Caustics are medicines which destroy the tissues to which they are applied. They excite inflammation and vascular dilatation of the surrounding area. The eschar produced by these drugs is separated from the living tissues by the inflammation and suppuration produced.

The action of caustics is typically a chemical or physicochemical one. The layer of cells that may be destroyed varies in depth with the caustic employed, and the caustic used may cause a hard, smear-like, or fluid eschar, which, by demarcating inflammatory processes, is sooner or later thrown off. The caustics may be divided roughly into caustic acids, caustic alkalies, caustic metallic salts, and some few organic caustic compounds not readily classified. In many of the acids and salts the action of the acid ion of the caustic causes oxidation and reducing processes. By many of the acids an acid albumin or syntonin is formed; by the alkalies, an alkali albuminate; and by the salts, metal albuminates are produced. Many of these metal albuminates are permanent, in which case a characteristic hard and scaly eschar results.

The character of the eschar is determined largely by the tissue involved: thus, by alkaline caustics, the keratin of the skin is dissolved; fatty substances are converted into soaps or soapy masses. Many caustics have the power of being absorbed and of causing systemic poisoning. The salts of chromium, osmium, and arsenic are of importance in this connection.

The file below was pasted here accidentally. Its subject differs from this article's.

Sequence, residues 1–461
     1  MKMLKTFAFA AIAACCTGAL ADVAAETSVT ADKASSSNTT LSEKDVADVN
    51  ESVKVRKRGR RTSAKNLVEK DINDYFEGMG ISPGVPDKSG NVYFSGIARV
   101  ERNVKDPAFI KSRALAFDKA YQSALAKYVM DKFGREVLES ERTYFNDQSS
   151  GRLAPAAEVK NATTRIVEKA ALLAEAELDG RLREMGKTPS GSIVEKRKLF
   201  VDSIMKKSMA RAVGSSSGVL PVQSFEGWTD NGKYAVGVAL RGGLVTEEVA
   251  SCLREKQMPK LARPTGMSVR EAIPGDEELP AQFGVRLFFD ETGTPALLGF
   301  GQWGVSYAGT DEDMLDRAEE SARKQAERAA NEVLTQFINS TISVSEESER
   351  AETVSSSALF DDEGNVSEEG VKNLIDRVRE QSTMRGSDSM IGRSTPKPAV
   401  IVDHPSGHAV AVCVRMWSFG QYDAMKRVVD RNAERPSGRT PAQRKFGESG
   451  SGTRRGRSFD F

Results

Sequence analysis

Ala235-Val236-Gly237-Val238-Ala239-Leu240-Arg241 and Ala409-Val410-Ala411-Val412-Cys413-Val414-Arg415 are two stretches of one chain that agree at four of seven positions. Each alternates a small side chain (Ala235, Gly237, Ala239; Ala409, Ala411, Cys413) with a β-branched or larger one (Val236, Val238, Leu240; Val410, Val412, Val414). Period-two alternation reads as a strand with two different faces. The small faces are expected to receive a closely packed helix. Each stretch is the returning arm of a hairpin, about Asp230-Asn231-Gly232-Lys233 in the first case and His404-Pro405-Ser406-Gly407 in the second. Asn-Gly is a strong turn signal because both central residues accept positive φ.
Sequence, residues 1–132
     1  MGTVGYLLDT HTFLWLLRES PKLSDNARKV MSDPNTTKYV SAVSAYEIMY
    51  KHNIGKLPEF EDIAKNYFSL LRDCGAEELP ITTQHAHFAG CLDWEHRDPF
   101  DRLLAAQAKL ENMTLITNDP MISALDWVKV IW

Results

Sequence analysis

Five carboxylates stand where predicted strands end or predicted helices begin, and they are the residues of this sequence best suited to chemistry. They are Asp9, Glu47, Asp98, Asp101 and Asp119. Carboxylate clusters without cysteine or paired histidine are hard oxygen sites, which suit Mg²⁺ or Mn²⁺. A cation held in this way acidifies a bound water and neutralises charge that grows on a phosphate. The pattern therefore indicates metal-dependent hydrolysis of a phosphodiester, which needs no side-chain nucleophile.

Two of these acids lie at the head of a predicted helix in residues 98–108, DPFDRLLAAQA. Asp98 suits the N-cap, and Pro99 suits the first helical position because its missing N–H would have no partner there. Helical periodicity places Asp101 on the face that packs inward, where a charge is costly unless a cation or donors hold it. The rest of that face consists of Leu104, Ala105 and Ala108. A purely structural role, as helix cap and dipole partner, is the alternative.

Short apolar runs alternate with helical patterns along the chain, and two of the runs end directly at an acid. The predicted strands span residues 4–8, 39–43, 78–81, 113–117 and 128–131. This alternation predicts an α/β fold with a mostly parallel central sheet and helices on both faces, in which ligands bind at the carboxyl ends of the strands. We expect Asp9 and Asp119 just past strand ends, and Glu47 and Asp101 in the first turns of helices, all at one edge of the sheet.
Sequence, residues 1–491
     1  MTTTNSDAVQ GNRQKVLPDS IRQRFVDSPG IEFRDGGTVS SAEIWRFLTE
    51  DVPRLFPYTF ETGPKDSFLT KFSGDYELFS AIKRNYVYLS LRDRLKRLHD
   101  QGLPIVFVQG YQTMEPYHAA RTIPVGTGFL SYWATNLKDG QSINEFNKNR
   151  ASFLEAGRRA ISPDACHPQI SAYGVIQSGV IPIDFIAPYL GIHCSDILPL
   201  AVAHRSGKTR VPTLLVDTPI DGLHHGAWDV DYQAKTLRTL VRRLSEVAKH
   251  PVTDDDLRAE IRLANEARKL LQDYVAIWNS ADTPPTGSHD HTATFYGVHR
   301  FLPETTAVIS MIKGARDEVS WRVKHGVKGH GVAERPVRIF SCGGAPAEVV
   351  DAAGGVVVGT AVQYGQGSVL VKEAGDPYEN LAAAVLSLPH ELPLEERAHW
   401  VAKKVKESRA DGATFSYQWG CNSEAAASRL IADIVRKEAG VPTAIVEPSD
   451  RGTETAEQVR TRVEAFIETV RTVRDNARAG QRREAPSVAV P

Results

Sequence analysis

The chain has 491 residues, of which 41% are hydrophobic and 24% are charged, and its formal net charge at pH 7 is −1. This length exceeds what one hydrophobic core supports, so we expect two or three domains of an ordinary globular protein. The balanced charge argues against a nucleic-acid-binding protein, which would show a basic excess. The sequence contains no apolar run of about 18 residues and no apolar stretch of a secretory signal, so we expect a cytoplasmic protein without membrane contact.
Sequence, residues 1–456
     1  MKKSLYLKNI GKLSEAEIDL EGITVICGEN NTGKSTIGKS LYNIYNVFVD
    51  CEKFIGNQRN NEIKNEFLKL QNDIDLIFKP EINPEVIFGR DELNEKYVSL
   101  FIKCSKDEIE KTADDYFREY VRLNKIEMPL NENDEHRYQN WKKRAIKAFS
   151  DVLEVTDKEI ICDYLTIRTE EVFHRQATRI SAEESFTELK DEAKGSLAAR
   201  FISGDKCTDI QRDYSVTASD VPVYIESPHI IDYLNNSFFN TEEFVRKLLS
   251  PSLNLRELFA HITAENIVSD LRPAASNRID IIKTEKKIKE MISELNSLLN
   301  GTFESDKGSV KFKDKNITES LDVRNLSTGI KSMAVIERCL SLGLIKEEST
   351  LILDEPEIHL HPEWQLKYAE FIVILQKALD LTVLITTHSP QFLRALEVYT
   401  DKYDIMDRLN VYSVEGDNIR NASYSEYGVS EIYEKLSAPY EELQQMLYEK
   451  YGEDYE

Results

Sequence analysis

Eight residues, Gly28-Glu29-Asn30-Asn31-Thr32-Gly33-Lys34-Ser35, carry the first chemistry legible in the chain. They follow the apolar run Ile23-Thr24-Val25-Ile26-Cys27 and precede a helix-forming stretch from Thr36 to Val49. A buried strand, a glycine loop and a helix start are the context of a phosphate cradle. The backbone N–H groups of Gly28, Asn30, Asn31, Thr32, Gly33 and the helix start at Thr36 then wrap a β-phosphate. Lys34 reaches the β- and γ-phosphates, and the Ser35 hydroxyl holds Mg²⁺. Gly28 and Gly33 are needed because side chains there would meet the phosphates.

Many of the caustics cause extreme pain, and their use is gradually being abandoned for the more accurate methods of surgery.

Caustics are employed for the following general purposes:

1. In specific acute poisonous injuries, as from the bite of poisonous insects, reptiles, or other animals. The caustic is applied to the wound directly, in order to destroy the poison.

Permanganate of potash, alkalies, or the direct cautery are the most reliable.

2. To destroy new growths of microbial origin. In lupus, sarcoma, carcinoma, chancres, charbon, etc., nitric acid, alkalies, glacial acetic acid, etc. are most employed.

3. To remove small tumors, warts, polypi (nasal or genital), hypertrophied mucous membranes. Here nitric and chromic acids, silver nitrate, etc., are of service.

4. For depilatory purposes - removing hair, etc.

5. To reduce and destroy inoperable tumors. Here the more caustic alkalies, arsenic, zinc, etc., have been widely employed in the past.

6. To reduce flabby and exuberant granulations in wounds. Nitrate of silver is one of the best drugs.

7. At times to influence deeper parts, in neuralgias and inflammatory action in an internal organ, it is beneficial to employ a superficial escharotic.

Those escharotics which have not been discussed elsewhere will here be considered in detail: